AUSTIN, TX — Austin-area paramedics and emergency medical technicians have received vaccines for the coronavirus ahead of schedule, officials said on Saturday.
The first round of COVID-19 vaccines arrived in Austin-Travis County through direct shipments to area healthcare facilities this week. As part of the 1A vaccine distribution group as designated by the Texas Department of State Health Services, officials said, Austin-Travis County Emergency Medical Services expected shipments of vaccinations for their front line EMTs and Paramedics to arrive in late December, with the goal of rolling out the vaccine to their personnel before the year’s end.
Thanks to the University of Texas at Austin, officials said, some area paramedics and EMTs will receive their vaccines even sooner than expected.
The COVID-19 vaccination operation currently underway at UT Health Austin, the clinical practice of the University of Texas at Austin, is part of a broad collaboration across UT-Austin that also includes the School of Nursing, College of Pharmacy, University Health Services and the Office of Campus Safety. The UT Austin team is also collaborating with Austin Public Health, the City of Austin, Travis County, and the State of Texas.
“Since the beginning of the pandemic, it’s been clear that it would take a broad coalition across Central Texas working together to defeat COVID-19,” said Amy Young, M.D., UT Health Austin Chief Clinical Officer and Vice Dean of Professional Practice at Dell Med. “We are continuing to work in partnership with Austin Public Health, along with Austin-Travis County EMS and the Austin Fire Department, to support our community’s health care personnel and our critical health infrastructure.”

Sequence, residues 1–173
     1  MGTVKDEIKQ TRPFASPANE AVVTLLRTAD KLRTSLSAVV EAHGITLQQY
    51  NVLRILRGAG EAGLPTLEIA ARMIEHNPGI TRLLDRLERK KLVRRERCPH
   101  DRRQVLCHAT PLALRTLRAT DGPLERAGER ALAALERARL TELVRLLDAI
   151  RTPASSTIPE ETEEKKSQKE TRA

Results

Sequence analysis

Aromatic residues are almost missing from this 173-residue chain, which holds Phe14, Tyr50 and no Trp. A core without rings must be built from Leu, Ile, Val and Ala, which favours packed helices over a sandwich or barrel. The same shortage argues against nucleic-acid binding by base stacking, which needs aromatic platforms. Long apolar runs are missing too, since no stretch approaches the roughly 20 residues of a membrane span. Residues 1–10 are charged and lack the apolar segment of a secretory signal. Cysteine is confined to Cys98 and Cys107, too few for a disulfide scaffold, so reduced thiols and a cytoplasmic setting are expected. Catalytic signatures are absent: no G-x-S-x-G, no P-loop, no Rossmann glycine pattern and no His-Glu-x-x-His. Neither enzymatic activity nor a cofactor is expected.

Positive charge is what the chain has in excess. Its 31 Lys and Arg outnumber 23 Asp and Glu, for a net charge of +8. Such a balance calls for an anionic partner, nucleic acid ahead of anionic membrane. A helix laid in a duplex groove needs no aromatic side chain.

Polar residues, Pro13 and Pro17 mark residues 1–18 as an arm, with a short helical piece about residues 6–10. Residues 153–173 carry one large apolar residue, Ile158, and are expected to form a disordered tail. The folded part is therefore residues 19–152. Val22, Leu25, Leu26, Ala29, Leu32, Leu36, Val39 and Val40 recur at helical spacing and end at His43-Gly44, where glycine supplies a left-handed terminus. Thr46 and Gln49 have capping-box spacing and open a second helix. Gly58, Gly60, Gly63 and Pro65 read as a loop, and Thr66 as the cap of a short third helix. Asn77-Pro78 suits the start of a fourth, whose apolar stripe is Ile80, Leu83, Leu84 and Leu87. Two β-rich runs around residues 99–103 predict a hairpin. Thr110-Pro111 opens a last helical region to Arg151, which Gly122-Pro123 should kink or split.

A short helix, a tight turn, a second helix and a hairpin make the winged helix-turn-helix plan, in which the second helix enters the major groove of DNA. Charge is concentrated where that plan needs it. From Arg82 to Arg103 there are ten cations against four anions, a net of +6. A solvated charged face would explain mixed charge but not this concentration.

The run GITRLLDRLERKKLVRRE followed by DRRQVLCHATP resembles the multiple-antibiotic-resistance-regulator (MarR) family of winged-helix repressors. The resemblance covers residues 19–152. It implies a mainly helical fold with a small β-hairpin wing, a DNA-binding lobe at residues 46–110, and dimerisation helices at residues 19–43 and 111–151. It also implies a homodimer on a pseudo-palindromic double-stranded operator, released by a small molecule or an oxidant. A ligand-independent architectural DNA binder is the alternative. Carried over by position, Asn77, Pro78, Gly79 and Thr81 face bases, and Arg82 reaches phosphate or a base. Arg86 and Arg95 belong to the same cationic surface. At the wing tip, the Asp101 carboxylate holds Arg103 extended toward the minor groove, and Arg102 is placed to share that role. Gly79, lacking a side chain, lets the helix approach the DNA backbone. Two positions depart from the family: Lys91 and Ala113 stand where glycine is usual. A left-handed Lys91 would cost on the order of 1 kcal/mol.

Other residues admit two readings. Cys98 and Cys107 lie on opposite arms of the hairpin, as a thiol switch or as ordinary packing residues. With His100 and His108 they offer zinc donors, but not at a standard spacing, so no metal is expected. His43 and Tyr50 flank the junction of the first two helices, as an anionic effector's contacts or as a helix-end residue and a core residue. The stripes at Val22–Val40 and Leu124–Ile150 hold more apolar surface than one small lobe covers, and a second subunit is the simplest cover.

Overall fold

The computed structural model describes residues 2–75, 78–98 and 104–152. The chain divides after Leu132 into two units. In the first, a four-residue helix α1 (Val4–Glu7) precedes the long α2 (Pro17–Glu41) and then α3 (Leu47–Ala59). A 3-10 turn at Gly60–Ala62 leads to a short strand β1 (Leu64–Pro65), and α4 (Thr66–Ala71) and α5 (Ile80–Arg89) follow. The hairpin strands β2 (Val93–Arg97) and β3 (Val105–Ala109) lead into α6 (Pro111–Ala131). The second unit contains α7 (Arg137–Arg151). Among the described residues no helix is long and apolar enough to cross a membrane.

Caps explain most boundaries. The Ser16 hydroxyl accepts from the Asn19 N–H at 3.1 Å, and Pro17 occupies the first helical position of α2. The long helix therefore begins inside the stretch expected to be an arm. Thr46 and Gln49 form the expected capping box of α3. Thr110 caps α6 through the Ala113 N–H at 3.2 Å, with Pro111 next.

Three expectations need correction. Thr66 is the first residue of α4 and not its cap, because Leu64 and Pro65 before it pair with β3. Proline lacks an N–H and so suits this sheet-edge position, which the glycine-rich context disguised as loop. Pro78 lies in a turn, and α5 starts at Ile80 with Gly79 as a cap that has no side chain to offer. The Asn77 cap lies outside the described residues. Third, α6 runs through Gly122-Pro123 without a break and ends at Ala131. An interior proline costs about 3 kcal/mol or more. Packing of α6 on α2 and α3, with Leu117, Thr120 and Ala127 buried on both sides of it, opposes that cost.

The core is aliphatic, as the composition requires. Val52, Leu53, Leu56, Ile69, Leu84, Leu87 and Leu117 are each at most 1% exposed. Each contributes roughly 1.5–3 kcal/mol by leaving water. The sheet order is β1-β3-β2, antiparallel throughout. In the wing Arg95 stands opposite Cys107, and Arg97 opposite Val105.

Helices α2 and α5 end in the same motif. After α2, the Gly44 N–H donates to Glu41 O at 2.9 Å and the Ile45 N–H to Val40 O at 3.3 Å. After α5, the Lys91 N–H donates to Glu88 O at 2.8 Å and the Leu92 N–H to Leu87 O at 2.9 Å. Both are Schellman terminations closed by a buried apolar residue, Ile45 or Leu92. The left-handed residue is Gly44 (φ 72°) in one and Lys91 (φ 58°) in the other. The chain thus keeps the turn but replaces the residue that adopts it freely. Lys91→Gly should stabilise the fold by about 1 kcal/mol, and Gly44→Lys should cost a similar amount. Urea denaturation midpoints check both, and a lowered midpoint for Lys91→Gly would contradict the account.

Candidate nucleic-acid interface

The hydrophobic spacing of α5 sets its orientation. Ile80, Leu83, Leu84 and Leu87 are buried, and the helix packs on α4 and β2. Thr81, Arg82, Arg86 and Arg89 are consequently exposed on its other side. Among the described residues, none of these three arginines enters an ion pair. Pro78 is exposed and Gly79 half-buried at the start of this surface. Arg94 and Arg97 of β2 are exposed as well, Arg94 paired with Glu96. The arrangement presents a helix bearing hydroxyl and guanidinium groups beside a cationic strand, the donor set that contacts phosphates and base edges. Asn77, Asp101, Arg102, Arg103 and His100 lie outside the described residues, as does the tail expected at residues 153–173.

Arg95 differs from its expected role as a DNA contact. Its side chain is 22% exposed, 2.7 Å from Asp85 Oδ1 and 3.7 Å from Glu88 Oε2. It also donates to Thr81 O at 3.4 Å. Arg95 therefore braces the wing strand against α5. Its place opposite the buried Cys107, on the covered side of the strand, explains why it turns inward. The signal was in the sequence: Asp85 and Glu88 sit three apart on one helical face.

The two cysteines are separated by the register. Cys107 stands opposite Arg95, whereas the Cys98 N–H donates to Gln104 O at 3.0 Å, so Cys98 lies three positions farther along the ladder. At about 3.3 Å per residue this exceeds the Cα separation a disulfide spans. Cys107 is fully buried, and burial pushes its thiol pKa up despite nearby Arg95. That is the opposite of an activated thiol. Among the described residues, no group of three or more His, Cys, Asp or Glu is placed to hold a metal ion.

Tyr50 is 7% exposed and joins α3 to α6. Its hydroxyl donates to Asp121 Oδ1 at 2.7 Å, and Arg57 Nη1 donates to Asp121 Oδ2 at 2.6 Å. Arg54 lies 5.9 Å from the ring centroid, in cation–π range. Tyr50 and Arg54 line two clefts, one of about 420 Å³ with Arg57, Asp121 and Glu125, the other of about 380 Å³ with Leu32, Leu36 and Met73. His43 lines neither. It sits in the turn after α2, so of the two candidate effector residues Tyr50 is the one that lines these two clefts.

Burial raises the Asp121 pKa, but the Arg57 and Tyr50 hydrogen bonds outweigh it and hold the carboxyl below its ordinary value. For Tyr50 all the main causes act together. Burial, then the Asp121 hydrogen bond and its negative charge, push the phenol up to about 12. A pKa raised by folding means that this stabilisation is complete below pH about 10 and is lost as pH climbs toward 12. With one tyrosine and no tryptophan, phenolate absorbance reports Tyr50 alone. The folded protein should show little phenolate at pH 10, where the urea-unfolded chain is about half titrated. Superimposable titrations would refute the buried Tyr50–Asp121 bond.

Among the first in the state, EMTs and Paramedics with Austin-Travis County EMS, the Austin Fire Department and various Travis County Fire departments, began receiving their first round of COVID-19 vaccinations on Saturday, with many more expected to receive them throughout the weekend and into next week, according to officials.
“We’re lucky to have such a close working relationship with our hospital partners. To be invited to get vaccinations earlier than expected was an opportunity we could not (and would not) pass up,” said Ernesto Rodriguez, Chief of Austin-Travis County EMS. “It really is a blessing to have such a good partnership, and work together to ensure the safety of all the healthcare workers in our area. Getting the vaccines ahead of our expected timeline means that our hardworking EMTs and Paramedics will be able to safely care for Austin-Travis County residents all the sooner.”
Over the course of the pandemic, officials said, Austin-Travis County EMS has implemented multiple strategies to mitigate the spread of COVID-19. Among those measures is the COVID Clinical Consult Line, a supplement to the emergency call triage system, which employs communications medics with special training, according to an advisory. This line is meant to help 911 callers that may be experiencing COVID symptoms reach the right resources for their condition, officials added.